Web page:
The British Virgin Islands (BVI) government says it has been awarded the sum of US$221,935.86 for clean-up costs as a result of an oil spill that occurred in the BVI waters in 2006.
The government said on Thursday that the High Court of Justice granted judgment in its favor in a judgment delivered on June 4 that included compensation for labor and salvage assessment costs.
The statement said it was a result of the accident that occurred at sea on Oct. 15, 2006 involving the MV Vagabond, which was owned by Caribbean Transport Ltd.
The claim for compensation was filed in court by the BVI Attorney General’s Chambers in October 2012 seeking full compensation for clean-up costs in the amount of US$251,329.76.
“The judge found that there was irrefutable evidence that the government provided services for the clean-up process and had to call on an external US-based firm to assist,” the statement said.
Senior Crown Council Giselle Jackman-Lumy and Crown Counsel Sarah Potter-Washington appeared on behalf of the attorney general. The defendant was represented by Richard Rowe of the law firm DenJen.
Jackman-Lumy said she was satisfied with the outcome of the proceedings and indicated that considerable time and effort was put in to pursuing the matter, according to the BVI Government statement.
Director of the Department of Disaster Management, Sharleen DaBreo said that the accident occurred just before midnight on Sunday, Oct. 25, 2006 while the vessel was en route to Anguilla.
“The impact caused significant damage to the vessel, and the captain and crew had to be rescued,” she said. “This required a national response under the direction of the Royal Virgin Islands Police Force and subsequently the activation of the National Emergency Operations Centre.
“The operations went on for days and involved a number of local and international agencies including those from the United States Government,” DaBreo added. “The Attorney General’s Chambers worked extremely hard to prepare a solid case for presentation to the High Court judge, and they were successful in their delivery.”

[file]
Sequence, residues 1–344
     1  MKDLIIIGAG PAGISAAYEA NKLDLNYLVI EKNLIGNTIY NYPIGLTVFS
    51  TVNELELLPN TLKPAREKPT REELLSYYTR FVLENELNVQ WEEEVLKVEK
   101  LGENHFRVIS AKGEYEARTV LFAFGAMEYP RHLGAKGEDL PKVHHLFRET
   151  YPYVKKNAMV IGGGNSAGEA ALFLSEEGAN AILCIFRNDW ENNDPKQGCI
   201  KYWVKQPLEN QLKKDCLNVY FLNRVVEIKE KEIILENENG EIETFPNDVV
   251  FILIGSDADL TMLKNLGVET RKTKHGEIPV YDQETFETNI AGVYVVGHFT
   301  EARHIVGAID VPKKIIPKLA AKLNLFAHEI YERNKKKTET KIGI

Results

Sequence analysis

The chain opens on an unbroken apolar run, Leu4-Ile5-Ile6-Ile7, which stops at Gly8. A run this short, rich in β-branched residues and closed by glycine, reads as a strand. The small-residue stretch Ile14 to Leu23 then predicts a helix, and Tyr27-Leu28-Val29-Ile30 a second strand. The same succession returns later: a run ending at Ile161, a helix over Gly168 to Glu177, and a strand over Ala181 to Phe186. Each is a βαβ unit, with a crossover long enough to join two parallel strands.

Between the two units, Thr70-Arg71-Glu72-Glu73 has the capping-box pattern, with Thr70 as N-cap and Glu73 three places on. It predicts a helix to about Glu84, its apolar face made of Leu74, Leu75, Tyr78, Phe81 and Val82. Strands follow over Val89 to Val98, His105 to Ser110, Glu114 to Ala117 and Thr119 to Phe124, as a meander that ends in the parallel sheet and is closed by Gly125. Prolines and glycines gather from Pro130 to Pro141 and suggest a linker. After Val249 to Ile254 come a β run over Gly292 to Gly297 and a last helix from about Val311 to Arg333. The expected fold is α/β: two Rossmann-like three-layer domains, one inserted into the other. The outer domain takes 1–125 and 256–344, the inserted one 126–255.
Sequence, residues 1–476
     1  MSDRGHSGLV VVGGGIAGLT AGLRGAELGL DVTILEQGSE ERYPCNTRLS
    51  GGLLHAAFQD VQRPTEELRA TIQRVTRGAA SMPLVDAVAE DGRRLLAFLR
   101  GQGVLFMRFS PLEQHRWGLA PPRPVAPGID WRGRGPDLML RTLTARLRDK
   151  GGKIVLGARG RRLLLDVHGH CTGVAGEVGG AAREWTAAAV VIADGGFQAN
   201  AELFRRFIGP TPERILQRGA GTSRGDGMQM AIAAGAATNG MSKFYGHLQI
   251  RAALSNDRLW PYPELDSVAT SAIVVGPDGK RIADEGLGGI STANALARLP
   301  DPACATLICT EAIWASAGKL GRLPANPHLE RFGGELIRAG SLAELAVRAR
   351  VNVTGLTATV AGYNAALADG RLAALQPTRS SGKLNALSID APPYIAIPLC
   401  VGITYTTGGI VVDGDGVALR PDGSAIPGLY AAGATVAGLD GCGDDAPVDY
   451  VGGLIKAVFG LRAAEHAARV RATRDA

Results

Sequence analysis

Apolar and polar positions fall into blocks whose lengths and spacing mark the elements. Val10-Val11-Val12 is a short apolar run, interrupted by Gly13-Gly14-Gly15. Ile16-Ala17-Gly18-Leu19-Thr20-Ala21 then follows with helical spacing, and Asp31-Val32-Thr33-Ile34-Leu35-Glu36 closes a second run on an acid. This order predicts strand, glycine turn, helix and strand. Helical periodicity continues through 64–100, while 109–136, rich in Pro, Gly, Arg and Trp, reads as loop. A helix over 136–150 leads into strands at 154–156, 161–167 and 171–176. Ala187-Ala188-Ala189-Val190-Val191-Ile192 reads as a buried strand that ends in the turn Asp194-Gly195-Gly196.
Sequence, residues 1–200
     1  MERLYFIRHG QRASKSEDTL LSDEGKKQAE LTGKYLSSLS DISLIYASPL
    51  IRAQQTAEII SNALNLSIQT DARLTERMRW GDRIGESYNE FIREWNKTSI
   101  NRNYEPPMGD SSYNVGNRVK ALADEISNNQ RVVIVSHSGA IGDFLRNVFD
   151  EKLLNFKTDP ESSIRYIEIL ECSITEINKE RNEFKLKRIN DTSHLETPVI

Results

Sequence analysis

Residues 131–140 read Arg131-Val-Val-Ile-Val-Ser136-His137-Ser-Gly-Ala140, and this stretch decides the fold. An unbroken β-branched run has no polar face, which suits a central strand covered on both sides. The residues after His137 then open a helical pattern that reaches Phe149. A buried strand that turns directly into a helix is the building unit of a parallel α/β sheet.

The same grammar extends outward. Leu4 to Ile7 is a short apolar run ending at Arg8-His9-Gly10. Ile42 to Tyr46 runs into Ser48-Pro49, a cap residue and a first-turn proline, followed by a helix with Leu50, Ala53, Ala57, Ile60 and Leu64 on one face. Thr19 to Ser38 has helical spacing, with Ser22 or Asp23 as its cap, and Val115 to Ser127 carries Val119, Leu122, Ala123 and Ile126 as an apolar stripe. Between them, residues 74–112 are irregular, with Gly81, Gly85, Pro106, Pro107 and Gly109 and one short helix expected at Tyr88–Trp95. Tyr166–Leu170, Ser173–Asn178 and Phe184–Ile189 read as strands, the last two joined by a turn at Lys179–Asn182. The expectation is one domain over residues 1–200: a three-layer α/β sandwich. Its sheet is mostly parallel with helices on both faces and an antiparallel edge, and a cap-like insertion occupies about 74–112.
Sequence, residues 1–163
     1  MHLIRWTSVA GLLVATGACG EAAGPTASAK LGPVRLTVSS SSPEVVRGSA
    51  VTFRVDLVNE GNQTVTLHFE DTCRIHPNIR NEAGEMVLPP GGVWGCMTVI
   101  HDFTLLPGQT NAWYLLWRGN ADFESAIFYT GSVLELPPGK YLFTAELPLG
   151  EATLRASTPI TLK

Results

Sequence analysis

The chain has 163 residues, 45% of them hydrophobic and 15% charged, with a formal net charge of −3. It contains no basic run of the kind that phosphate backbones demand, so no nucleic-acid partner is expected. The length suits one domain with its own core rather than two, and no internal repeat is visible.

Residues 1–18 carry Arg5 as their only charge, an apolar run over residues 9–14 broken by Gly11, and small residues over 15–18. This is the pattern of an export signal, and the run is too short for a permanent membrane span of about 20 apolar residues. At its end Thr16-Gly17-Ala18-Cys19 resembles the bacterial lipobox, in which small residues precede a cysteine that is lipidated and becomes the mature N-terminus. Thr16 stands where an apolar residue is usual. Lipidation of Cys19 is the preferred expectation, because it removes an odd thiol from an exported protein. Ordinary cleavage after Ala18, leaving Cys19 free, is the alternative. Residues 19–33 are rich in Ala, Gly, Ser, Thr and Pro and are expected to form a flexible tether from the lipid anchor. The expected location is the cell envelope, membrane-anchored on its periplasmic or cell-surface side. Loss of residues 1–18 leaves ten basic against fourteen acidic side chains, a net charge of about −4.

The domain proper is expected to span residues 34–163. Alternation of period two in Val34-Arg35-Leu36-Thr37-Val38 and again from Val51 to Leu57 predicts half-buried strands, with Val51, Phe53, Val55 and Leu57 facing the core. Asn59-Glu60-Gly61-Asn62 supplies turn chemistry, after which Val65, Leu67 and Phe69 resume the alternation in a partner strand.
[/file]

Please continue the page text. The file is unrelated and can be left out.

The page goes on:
The director said her department has worked with several departments and private sector agencies to increase the level of awareness about oil pollution in the waters and on land, and to establish the necessary legal framework.
“We have seen the success of the public awareness and education campaigns as the number of spills have decreased significantly,” DaBreo said. “We continue to inform and educate the public about the effects that can be caused by oil spill on land and at sea.
“We offer training to build response capacity among our responders and enforcement agencies,” she added.
The BVI government said this was the first matter of this kind that has been taken to the High Court “that is said to have now set a precedent for how further claims will be handled.”
“The judgment is also a significant win for the government of the BVI and will now lead to greater focus and attention on the finalization of legislation to support the enforcement of appropriate standards to prevent these types of events from occurring in the future,” the statement said.
“The Ministry of Communication and Works has developed a draft Oil Spill Prevention and Pollution Bill that is expected to be finalized and taken to the House of Assembly for approval,” it added.
The government said oil spills are extremely harmful to marine and land-based ecosystems.